Sexual Violence Education and Resources

Getting Other Help and Support

The Women’s Center and the Office of the Dean of Students stand ready to help both survivors and their friends and loved ones in any way we can through this difficult time. Services provided by our offices include:

Women’s Center

Office of the Dean of Students

The survivor need not file a formal report or disclose the name of the perpetrator to receive support services.

If the name of a student perpetrator is disclosed to a University official, the University is required under federal law to investigate further and take any remedial actions deemed necessary. These actions will likely include, at minimum, a meeting with the perpetrator and the issuance of a no-contact order as described above. The survivor, however, is not required to file formal charges.

Coping With Your Feelings and Fears

Sexual assault is a violent or coercive invasion of personal privacy and space, and can be a humiliating and terrifying experience. Sometimes victims fear for their lives. In other cases, sexual activity without consent may not have violent overtones, but it can still radically affect the survivor in all aspects of life. The experience of sexual assault has different meanings for different people. Survivors typically experience a variety of behavioral and emotional reactions, based on their experiences, their support systems, and the characteristics of the assault itself.

Feelings after an assault vary widely and are wholly dependent on the emotional makeup of the individual survivor. The range of reactions has a name: Rape Trauma Syndrome, which is often referred to as Post Traumatic Stress Disorder, or PTSD. It means that a survivor has experienced a trauma or a significant, terrifying event.

Many survivors of sexual assault find support and understanding in talking with other survivors to see how they have reacted to their own experiences of assault. Healing is facilitated by developing a support network. Not everyone has understanding friends or family, yet there are ways to find the support you need. Research shows that the sooner a survivor can speak of her/his experience in a supportive environment, including with family, friends, and professional counselors, the more rapid and thorough the healing process. Professional counselors with experience in this area understand Rape Trauma Syndrome. They can help you sort out your options and refer you to support groups for survivors or individual counseling. Counselors are available at SARA, Counseling & Psychological Services (CAPS), and the UVA Women's Center.

Survivors of sexual assault may experience a spectrum of fears, and have a legitimate concern for their safety. These fears are normal, and each person will need her/his own time to heal and to feel safe again.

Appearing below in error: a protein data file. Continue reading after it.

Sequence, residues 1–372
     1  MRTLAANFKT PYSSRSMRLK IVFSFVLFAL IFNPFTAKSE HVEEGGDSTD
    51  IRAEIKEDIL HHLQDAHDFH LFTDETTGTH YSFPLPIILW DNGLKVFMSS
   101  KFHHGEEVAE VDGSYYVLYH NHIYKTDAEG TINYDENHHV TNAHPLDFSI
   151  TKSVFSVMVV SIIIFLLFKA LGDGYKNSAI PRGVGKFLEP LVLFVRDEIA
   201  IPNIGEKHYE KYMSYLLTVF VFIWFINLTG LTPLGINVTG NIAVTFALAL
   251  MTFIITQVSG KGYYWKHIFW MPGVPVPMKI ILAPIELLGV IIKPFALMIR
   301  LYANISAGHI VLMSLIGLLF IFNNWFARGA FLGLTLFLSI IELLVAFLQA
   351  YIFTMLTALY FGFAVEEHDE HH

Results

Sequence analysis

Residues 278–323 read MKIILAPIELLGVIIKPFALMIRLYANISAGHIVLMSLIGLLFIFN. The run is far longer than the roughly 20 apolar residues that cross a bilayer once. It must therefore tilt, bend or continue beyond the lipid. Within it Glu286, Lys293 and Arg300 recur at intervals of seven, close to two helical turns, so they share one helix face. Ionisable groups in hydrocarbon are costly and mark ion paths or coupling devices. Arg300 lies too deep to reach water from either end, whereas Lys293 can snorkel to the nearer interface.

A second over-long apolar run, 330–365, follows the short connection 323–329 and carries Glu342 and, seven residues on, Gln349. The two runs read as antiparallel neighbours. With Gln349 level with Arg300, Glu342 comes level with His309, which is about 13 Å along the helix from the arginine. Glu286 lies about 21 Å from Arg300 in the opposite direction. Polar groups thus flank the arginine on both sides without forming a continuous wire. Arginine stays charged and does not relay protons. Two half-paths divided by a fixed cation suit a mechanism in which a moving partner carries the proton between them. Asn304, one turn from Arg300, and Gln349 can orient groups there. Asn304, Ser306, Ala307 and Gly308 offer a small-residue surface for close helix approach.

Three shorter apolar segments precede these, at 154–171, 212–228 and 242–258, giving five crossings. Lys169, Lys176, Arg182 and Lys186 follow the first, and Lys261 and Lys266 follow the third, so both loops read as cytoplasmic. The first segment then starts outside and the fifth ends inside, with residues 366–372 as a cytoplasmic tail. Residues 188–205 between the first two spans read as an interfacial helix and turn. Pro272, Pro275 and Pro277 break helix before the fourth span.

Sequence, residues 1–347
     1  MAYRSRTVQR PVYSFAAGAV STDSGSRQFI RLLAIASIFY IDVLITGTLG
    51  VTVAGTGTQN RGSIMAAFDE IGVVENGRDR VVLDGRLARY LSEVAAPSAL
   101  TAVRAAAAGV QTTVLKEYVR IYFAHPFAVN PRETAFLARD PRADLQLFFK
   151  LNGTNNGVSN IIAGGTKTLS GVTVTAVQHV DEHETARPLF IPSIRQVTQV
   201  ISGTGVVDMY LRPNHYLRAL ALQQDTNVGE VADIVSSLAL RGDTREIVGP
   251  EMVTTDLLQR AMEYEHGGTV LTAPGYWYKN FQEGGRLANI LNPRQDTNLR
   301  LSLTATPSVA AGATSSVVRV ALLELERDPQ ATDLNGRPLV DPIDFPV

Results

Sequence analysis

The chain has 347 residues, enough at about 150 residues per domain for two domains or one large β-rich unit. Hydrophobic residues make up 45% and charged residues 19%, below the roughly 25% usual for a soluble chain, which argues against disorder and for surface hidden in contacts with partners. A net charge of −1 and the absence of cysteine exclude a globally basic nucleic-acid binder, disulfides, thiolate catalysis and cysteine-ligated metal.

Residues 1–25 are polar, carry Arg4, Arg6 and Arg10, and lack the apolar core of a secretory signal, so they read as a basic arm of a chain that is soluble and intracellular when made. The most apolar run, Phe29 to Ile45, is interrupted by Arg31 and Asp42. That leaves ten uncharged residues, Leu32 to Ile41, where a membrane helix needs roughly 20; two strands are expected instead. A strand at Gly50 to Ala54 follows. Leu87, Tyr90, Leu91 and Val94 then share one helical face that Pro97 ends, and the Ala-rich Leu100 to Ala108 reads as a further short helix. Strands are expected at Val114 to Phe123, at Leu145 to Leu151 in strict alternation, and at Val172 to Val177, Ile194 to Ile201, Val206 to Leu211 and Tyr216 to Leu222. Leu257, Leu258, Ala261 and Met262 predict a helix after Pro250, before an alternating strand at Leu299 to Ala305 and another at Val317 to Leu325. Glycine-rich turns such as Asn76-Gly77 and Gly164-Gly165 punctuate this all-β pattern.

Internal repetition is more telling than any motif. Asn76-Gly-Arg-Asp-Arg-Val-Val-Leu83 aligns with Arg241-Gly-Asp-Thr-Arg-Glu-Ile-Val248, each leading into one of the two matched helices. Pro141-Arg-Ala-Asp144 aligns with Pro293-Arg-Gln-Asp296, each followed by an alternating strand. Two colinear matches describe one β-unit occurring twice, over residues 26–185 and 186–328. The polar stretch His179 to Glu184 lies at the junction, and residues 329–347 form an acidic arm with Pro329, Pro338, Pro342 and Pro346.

Some people are afraid at home (whether or not the assault occurred there), and some may be afraid when they go out. They may fear being alone while at the same time have a need to isolate themselves. Others feel mistrustful of others; this is especially true if you know your assailant. These feelings will go away, but it will take time for them to subside. Staying with a close friend or supportive relative for a while may be helpful. Talking with a sexual assault counselor can be a vital connection that can help you through this difficult time.

It is not uncommon after a sexual assault to want to purchase a weapon. Weapons can foster dependence on an external object for protection or can be taken away and used against you. Some people, especially those who are trained in the use of weapons, find this to be a viable choice.

A more empowering alternative to weapons may be to enroll in a self-defense course. This can help turn fear into anger and anger into action. You can learn how to use awareness, assertiveness, and physical action to defend yourself. Learning self-defense is one way of dealing with fear and anxiety. It can empower you and help you heal more quickly from the assault, especially if you were assaulted by someone you know. Look for a class your local sexual assault center recommends. Becoming familiar with self-protection strategies and being alert can help you regain a feeling of safety inside and outside your home.

Another effective method for calming these fears is called systematic desensitization. With the help of a partner or close friend, make a list of the things you are afraid of doing. Put the things you fear least at the top of the list and end with activities you fear most. Take a few deep, relaxing breaths, and then imagine yourself doing the first thing on the list. Try to keep your body relaxed as you visualize successfully completing the activity. Proceed to the next item on the list only if you feel relaxed and able to do so. Take as much time as you need to work through each listing. The next step is to try the activity, first with a friend and later alone, if you feel it is safe to do so. Confronting each fearful situation at your own pace will help empower you to live without the fears and constraints that naturally occur following an assault.

Fear and mistrust are very normal, natural, and common reactions to a sexual assault. Many survivors look for quick solutions, which can create a sense of guilt. You may think you could have prevented the assault. But, the responsibility for sexual assault lies with the offender, even if you knew him or her.

Ways to Take Care of Yourself